I just finished reading Mean and Lowly Things, a description of a researcher's work and troubles collecting snakes in the Congo. Although the descriptions of the insects and parasites are off-putting, this researcher is living the life I thought I would be when I was young. As with the researcher, I had a fascination with snakes from my early childhood. As she is from Ontario, we even saw many of the same snakes. For some reason I ended up here in Korea but vicariously feel I was there with her catching snakes, venomous and not, in trying conditions.
Quirks and Quarks interview - bottom of page.
I grew up catching snakes but also reading Farley Mowat, who probably caught snakes, but certainly dozens of other animals, in his childhood. I loved his recollections of his childhood and his wolf research. There have been claims that his stories are more fiction than fact. He may have spent only two weeks studying wolves rather than a year and a half.
"The Toronto Star has written that Mowat's memoirs are at least partially fictional. In a 1968 interview with CBC Radio, Farley admitted that he doesn't let the facts get in the way of the truth (Canada Reads). Once, when Mowat said that he had spent two summers and a winter studying wolves, the Toronto Star wrote that Mowat had only spent 90 hours studying the wolves."
As I grew older, I learned that he was, well, an out-sized personality. A friend of the family, in the OPP, was seconded to guard the Premiere of Ontario. At an event, they met Mowat, who drank directly from the punchbowl (or some other hijink). In the car, after the event, the Premiere and the guard agreed he was a bit of a jerk (sterner language was used but I forget and am concerned about privacy).
While at university, I had a lab instructor from Memorial U (in Newfoundland). I mentioned that Mowat was a hero of mine and he was upset and amused, but held back, protecting my naivety. They don't care for him much in Newfoundland.
Anyway, I have huge, fond feelings for him and his work and felt terrible when I saw the write up for Otherwise. "Product Description
A Canadian icon gives us his final book, a memoir of the events that shaped this beloved writer and activist."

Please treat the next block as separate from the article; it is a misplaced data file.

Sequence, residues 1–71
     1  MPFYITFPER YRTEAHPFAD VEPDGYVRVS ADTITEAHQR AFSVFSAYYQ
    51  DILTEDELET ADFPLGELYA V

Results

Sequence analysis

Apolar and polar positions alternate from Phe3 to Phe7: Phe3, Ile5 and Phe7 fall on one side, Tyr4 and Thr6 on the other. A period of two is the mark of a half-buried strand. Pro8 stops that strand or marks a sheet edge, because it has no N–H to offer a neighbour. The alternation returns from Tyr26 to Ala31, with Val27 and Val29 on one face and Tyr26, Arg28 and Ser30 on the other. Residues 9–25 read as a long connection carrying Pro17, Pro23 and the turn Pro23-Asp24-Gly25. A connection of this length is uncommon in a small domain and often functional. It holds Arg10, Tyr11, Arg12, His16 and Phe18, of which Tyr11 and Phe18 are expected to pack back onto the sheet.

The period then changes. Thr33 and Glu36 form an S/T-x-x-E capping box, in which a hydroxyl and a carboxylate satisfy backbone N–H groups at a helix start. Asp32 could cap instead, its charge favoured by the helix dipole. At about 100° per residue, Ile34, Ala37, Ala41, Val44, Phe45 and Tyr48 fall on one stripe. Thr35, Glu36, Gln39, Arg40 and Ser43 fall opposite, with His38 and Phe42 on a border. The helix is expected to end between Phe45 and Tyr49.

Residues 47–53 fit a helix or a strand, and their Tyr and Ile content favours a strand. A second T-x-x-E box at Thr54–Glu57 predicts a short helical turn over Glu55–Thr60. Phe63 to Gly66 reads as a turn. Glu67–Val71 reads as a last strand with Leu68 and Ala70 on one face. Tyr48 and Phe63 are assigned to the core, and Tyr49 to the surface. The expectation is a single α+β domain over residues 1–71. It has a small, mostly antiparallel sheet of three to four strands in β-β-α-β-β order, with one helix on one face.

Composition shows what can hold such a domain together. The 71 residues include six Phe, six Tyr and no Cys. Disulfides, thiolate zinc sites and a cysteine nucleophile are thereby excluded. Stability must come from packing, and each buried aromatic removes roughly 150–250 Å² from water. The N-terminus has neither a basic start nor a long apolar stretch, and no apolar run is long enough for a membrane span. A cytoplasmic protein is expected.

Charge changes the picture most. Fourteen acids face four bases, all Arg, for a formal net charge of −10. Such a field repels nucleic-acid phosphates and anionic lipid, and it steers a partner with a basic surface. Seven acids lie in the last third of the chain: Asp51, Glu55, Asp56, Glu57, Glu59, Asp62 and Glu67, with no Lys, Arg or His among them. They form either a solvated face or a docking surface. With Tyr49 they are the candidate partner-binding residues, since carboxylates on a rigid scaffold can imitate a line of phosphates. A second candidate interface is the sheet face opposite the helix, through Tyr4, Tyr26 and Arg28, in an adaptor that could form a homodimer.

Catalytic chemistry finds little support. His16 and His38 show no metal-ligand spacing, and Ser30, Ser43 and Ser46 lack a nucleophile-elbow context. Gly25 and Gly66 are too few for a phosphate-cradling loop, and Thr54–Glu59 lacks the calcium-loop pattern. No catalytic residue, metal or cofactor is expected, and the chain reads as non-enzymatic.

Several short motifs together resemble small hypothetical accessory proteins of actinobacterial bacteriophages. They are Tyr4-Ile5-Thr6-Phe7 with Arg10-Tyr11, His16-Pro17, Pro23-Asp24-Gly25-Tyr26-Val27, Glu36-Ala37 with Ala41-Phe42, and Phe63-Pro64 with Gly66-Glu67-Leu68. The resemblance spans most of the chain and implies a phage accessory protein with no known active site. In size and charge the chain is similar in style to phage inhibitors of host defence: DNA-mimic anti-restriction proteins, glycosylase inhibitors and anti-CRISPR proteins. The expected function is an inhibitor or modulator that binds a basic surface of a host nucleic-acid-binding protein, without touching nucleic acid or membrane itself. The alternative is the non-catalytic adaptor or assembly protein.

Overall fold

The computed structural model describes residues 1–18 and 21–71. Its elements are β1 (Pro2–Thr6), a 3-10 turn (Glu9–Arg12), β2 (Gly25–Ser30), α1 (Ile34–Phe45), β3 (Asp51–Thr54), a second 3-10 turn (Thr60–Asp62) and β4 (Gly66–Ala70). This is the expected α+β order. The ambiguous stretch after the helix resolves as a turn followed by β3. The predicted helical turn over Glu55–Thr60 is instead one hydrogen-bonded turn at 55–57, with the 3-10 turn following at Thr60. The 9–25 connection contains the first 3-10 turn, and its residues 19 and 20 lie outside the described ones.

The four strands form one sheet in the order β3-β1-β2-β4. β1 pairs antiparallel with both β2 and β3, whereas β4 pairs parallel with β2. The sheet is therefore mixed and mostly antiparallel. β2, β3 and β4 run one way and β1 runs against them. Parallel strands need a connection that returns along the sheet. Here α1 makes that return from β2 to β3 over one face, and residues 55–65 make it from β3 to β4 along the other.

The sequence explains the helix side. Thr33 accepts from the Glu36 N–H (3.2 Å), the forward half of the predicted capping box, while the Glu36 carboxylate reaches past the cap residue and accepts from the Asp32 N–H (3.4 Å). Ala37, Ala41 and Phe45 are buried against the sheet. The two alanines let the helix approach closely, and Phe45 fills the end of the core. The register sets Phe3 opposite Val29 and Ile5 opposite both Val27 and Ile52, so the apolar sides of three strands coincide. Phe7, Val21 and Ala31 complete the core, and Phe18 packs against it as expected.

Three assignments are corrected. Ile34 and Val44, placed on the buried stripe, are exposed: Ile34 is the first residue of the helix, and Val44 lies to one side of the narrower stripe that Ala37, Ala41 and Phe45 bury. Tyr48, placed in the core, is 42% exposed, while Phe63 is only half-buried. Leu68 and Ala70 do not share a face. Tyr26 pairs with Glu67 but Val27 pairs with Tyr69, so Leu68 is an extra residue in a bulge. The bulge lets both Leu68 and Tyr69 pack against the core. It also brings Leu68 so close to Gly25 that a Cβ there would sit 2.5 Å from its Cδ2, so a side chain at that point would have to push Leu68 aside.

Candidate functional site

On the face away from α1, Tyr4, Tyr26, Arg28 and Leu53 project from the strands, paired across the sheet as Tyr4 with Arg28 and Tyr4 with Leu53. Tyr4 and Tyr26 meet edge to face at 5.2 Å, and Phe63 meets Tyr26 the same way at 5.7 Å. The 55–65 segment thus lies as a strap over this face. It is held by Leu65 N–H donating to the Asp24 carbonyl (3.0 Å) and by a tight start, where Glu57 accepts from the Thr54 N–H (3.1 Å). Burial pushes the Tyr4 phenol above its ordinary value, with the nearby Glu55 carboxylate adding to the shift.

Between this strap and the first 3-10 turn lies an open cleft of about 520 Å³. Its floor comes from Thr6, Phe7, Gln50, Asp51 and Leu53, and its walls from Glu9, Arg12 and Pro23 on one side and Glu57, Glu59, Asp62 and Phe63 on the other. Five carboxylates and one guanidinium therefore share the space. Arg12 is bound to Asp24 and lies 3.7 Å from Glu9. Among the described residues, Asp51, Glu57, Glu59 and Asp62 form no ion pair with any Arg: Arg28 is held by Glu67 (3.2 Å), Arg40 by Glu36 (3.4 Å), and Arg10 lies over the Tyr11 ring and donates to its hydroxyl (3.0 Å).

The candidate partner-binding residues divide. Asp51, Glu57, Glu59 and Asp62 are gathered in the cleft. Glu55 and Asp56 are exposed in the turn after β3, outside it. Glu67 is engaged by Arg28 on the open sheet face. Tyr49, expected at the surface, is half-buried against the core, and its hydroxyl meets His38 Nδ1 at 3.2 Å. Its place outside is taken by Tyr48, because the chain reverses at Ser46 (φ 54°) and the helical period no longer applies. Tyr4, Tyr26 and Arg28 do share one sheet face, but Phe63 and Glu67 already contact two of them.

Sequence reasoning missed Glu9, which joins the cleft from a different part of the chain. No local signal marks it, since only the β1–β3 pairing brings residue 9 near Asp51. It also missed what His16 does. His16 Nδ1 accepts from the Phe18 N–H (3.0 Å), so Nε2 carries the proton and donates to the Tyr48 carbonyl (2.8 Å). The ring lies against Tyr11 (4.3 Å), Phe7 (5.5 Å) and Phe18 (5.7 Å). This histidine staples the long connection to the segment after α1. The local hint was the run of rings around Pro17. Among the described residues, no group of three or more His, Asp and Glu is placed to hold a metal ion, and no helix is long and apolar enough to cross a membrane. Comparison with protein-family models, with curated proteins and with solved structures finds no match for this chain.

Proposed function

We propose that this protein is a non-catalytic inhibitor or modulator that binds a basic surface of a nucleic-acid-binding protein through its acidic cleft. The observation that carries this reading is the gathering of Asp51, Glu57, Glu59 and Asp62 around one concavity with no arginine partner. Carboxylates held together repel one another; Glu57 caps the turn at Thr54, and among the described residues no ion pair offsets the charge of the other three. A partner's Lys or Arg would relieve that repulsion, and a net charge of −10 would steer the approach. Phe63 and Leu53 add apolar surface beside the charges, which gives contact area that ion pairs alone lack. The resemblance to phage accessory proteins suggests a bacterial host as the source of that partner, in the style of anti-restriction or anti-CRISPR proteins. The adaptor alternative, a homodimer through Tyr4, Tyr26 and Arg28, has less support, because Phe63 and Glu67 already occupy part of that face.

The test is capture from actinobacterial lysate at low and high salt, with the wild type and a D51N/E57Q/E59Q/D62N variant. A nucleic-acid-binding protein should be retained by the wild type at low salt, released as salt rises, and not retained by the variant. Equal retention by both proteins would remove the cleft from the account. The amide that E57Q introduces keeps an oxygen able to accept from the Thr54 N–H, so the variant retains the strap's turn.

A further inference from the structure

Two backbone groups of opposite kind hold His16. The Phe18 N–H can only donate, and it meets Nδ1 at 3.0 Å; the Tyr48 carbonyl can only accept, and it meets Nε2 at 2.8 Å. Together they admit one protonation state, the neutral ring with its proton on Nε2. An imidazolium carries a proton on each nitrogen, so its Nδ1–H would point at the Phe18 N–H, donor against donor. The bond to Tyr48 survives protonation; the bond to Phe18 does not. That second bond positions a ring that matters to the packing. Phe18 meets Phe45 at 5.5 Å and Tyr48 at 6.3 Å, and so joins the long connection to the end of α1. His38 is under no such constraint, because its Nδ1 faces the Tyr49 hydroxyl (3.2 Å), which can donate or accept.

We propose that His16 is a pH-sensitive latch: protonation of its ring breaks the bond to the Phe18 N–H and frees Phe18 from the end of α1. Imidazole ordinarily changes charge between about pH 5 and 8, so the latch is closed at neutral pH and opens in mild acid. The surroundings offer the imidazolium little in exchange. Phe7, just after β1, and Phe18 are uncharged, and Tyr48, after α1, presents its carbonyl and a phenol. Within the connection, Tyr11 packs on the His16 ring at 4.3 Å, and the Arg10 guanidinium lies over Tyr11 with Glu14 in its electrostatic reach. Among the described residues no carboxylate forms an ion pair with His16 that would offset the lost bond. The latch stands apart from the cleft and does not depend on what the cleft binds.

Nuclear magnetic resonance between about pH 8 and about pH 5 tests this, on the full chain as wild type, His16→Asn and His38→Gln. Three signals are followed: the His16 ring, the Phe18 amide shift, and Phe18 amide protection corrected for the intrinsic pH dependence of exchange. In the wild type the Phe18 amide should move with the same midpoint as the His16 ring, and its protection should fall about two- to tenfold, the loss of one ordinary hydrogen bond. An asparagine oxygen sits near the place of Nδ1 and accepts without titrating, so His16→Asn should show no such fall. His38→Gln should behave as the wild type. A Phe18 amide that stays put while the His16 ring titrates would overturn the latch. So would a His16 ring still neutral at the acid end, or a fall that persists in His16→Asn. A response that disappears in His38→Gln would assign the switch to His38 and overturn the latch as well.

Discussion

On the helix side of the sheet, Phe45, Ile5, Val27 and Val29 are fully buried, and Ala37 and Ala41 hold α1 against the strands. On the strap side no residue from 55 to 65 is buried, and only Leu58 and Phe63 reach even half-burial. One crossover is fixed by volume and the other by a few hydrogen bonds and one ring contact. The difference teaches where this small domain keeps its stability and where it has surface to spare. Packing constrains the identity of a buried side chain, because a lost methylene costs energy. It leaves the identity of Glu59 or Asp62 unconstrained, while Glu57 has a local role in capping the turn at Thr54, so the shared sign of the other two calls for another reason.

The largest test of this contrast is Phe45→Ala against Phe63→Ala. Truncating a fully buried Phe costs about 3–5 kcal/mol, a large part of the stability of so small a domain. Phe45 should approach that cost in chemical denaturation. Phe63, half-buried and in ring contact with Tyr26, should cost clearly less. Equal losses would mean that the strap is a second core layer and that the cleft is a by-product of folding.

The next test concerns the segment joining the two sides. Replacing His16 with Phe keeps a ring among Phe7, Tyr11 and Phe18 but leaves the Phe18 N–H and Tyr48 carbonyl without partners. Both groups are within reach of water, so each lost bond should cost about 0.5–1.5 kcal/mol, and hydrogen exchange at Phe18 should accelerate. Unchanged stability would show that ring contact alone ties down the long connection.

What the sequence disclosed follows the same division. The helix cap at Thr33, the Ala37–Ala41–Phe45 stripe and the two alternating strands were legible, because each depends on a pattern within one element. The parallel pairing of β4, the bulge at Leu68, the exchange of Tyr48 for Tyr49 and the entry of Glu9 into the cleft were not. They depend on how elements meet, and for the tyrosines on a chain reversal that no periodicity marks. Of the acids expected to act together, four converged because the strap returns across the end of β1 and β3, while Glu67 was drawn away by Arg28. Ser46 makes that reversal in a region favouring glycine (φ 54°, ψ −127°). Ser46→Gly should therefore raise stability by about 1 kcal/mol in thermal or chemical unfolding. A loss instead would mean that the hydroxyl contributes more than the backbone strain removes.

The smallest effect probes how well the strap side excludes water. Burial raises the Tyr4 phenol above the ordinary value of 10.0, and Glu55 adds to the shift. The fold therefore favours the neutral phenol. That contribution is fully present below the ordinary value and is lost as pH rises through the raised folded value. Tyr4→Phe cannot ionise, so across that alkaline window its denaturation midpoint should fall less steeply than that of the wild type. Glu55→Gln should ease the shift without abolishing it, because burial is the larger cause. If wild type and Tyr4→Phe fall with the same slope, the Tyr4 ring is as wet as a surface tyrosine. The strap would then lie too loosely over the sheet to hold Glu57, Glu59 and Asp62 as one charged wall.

His final book? I know the guy's in his eighties, but 'final book' sounds, well, final. I want him to relax and enjoy life, but I feel sad to see the door closed and slammed shut. So far as I know, by the way, he is still alive.
On the topic of books that make me feel sad about their authors, Terry Pratchett has a new one out. Nation looks interesting and I will probably get it when it comes out in softcover. I am not a serious Pratchett fan but read a book or two of his a year - at that rate, it will be many years before I run out; he is remarkable prolific. But also, he has Alzheimer's Disease.
"On 11 December 2007, Pratchett posted online that he had been newly diagnosed with a very rare form of early-onset Alzheimer's disease, which he said "lay behind this year's phantom 'stroke'." He has a rare form of the disease called posterior cortical atrophy, in which areas at the back of the brain begin to shrink and shrivel. Pratchett appealed to people to "keep things cheerful", and proclaimed that "we are taking it fairly philosophically down here and possibly with a mild optimism." Leading the way, Pratchett stated that he feels he has time for "at least a few more books yet."...
All the best to him.
Tuesday, October 21, 2008
Sokcho is holding a Science festival - or possibly a science fair - this weekend and I am a little so that I will be away and miss it.
I found this poster today advertising that Go-san, one of the top two candidates for Korea's trip into space on a Russian rocket, will be at the festival.
I am not sure if he is a role model. He was chosen, out of several thousand applicants, I think, to be Korea's first astronaut, which makes him the perfect spokesperson for science. On the other hand he lost his chance to fly when he was caught possibly spying, and stealing information to give to Hyundai. That doesn't make for much of a role model.
Possibly, it was an over-reaction by the Russians. If I were on the flight, I might want to know more about how the rocket I'd be trusting my life to worked.
More about espionage story at the Marmot and at GI Korea. Micheal Hurt had more on the final choice for astronaut on his Video Podcast list.
Monday, October 20, 2008
If you can't park the car, don't buy a car!
The signs on the windows read "no parking". If I knew how to say, "stay off the frikkin' sidewalk", that's what they'd say.
And kids, stay off my yard! Why, when I was that age, I knew...
Sunday, October 19, 2008
Strangely, this may be the third photo of a hammer to be used in emergencies for breaking glass (Previously here and I think there was one from the same place a year earlier.) I should make it a label or something.
Exams tomorrow: that means 44 one-t0- one oral exams in a job interview format.
The big news is that Waterpia now has two Local's days, the first and third Sunday of each month (not peak months - July and August).
The bad news is that the price for locals is now 9,000won. That's not so bad. That's a bit more than Seorak Pines charges for local evey day but Seorak Pines, while entirely satisfactory, is not as extensive at Waterpia.